5. "Motor vehicles" must comply with the Clean Air Act and may not be disassembled nor purchased in a disassembled form for the purposes of evading the Clean Air Act or the Imports regulations. In these situations the kit car body/chassis combination must be certified by the manufacturer, must be in a configuration which was previously certified by EPA subject to the guidelines discussed at "2" above or, in the case of an importation, an EPA form 3520-1 must be filed at the port of entry and the vehicle imported by an eligible ICI who must ensure that the kit car body/chassis complies with all applicable emission requirements. At the present time, there are no ICIs eligible to import kit cars.
  6. Except with regard to kit vehicles meeting the guidelines at "2" above; an individual or firm that assembles kits for hire or resale, that produces assembled kit cars for resale or that produces complete kit car packages for resale will be considered to be a manufacturer of new motor vehicles under the Clean Air Act. Such manufacturers and their vehicles are subject to all applicable regulations under the Act including civil penalties of up to $25,000 per vehicle for each new motor vehicle distributed in commerce, sold, offered for sale, or introduced, or delivered for introduction, into commerce, unless such vehicle is covered by a certificate of conformity issued by EPA.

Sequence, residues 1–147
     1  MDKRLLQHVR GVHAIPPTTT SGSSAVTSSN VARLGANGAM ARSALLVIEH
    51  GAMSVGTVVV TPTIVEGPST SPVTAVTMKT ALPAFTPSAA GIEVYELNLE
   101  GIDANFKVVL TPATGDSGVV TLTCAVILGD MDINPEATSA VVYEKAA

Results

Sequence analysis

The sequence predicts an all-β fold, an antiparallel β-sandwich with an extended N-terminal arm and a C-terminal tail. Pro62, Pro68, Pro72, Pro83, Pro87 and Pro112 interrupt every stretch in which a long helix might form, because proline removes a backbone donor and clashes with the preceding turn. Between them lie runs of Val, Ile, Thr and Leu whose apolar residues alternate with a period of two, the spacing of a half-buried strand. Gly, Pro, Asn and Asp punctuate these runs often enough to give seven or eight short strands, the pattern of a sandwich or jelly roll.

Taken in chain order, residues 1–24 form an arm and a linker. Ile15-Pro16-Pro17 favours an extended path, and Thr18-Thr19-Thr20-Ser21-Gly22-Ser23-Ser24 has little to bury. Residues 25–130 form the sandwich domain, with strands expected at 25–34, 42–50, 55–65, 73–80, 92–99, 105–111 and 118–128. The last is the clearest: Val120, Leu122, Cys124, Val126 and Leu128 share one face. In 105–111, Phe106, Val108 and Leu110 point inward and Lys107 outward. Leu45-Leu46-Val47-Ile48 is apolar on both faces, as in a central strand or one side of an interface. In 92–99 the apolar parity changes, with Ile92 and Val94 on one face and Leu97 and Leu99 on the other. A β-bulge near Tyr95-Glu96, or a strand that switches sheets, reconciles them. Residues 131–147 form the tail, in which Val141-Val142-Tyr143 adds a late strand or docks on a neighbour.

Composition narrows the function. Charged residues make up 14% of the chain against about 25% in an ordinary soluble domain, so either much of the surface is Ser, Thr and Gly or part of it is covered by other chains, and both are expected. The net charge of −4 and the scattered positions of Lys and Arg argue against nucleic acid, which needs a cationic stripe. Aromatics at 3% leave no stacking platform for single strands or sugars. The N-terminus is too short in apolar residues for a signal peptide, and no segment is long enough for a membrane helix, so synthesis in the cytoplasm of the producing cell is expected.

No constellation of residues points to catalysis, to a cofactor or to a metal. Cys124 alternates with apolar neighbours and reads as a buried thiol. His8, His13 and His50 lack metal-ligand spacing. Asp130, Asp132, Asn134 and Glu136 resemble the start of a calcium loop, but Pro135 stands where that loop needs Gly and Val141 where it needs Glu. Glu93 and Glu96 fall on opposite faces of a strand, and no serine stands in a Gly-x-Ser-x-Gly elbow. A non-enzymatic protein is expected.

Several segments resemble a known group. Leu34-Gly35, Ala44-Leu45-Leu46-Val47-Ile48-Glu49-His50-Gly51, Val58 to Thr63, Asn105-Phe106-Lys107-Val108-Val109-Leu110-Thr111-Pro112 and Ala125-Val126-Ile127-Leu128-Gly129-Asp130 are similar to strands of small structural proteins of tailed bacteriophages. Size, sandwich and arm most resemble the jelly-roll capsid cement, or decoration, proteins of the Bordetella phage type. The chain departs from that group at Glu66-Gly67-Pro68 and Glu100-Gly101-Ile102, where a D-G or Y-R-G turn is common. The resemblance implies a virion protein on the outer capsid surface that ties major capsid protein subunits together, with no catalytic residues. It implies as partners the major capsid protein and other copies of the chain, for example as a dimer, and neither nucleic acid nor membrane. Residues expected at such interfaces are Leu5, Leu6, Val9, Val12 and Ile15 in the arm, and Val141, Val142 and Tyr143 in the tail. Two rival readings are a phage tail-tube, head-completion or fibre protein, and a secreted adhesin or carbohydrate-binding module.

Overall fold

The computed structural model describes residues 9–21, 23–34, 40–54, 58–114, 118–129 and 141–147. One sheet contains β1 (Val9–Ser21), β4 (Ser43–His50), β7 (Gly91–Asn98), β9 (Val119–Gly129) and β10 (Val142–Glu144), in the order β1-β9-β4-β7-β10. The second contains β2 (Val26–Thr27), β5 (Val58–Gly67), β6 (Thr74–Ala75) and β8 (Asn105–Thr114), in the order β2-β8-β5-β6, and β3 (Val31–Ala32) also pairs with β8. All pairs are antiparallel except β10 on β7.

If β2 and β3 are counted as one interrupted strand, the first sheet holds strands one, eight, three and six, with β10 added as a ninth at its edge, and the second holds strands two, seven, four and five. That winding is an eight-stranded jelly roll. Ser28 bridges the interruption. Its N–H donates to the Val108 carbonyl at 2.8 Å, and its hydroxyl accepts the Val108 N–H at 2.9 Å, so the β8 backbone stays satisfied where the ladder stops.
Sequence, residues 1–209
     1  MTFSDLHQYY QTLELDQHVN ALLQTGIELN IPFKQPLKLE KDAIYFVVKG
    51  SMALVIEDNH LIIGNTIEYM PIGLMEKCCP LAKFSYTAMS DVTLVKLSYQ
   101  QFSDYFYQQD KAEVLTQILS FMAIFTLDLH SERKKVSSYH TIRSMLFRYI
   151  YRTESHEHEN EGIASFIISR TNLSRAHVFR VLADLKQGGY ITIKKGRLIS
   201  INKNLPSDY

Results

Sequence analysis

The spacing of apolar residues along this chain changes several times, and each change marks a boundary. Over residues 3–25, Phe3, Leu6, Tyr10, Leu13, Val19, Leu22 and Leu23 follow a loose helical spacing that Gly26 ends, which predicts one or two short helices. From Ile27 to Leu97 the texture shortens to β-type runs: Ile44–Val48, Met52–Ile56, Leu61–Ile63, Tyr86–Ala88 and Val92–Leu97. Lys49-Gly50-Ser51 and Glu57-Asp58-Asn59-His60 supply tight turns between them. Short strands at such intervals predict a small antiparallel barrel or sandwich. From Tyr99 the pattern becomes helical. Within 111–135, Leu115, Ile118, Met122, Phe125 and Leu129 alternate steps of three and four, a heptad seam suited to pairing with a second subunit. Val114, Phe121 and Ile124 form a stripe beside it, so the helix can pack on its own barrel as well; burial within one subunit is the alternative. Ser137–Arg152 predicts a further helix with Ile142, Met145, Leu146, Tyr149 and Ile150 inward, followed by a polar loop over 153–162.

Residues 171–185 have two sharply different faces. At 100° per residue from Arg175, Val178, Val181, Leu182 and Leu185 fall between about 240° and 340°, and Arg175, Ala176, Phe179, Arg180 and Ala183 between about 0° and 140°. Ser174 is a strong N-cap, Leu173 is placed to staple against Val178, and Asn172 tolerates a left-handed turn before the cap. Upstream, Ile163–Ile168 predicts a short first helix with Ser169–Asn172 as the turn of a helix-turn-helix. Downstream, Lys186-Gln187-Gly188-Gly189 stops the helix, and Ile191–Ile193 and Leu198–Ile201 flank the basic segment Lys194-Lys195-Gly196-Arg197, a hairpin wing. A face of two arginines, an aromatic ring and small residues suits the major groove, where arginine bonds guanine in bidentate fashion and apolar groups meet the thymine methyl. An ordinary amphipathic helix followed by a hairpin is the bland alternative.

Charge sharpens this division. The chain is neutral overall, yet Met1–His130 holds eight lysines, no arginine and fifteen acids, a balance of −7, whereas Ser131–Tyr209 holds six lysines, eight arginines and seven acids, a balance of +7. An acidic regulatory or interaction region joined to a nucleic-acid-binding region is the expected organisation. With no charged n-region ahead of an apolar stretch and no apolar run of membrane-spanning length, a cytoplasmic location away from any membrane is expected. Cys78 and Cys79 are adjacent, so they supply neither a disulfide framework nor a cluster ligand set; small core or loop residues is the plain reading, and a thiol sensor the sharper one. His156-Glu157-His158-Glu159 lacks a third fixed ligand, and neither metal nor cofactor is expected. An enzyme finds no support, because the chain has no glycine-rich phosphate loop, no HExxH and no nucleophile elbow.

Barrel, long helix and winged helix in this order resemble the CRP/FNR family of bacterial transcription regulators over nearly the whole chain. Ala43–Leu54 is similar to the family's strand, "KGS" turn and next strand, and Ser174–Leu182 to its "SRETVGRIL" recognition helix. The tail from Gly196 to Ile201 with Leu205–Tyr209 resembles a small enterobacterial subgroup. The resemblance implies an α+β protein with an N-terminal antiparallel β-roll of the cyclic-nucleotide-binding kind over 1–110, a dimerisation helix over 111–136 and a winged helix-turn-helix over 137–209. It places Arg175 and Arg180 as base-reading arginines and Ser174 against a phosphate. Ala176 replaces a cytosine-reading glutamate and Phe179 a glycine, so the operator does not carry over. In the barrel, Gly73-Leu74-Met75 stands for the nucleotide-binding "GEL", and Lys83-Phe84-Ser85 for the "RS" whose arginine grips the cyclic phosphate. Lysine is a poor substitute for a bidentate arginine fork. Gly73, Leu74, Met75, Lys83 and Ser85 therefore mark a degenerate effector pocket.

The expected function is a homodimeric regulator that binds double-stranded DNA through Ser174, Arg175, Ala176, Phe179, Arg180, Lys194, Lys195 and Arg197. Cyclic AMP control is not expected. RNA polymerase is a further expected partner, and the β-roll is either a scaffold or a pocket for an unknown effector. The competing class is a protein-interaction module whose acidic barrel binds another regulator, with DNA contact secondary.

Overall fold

Top of Page

KIT CAR POLICY SUPPLEMENT

The supplement contains definitions from the Clean Air Act and justification used to derive the position of the Kit Car Policy.

Section 216 (1) defines a "manufacturer" as "any person engaged in the manufacturing or assembling of new motor vehicles or new motor vehicle engines, or importing such vehicle or engines for resale."

Section 216 (2) defines a "motor vehicle" as "any self-propelled vehicle designed for transporting persons or property on a street or highway."

Section 216 (3) defines a "new motor vehicle" as "a motor vehicle the equitable or legal title to which has never been transferred to the ultimate purchaser."

Section 216 (5) defines a "ultimate purchaser" as "the first person who in good faith purchases such new motor vehicle or new engine for purposes other than resale".

Section 203(a)(1) prohibits "in the case of a manufacturer of new motor vehicles...the sale, or offering for sale, or the introduction, into commerce...any new motor vehicle...unless such vehicle.is covered by a certificate of conformity."

Section 205 states "any person who violates Section 203(a)(1)...shall be subject to a civil penalty of not more than $25,000...Any such violation...shall constitute a separate offense."

Top of Page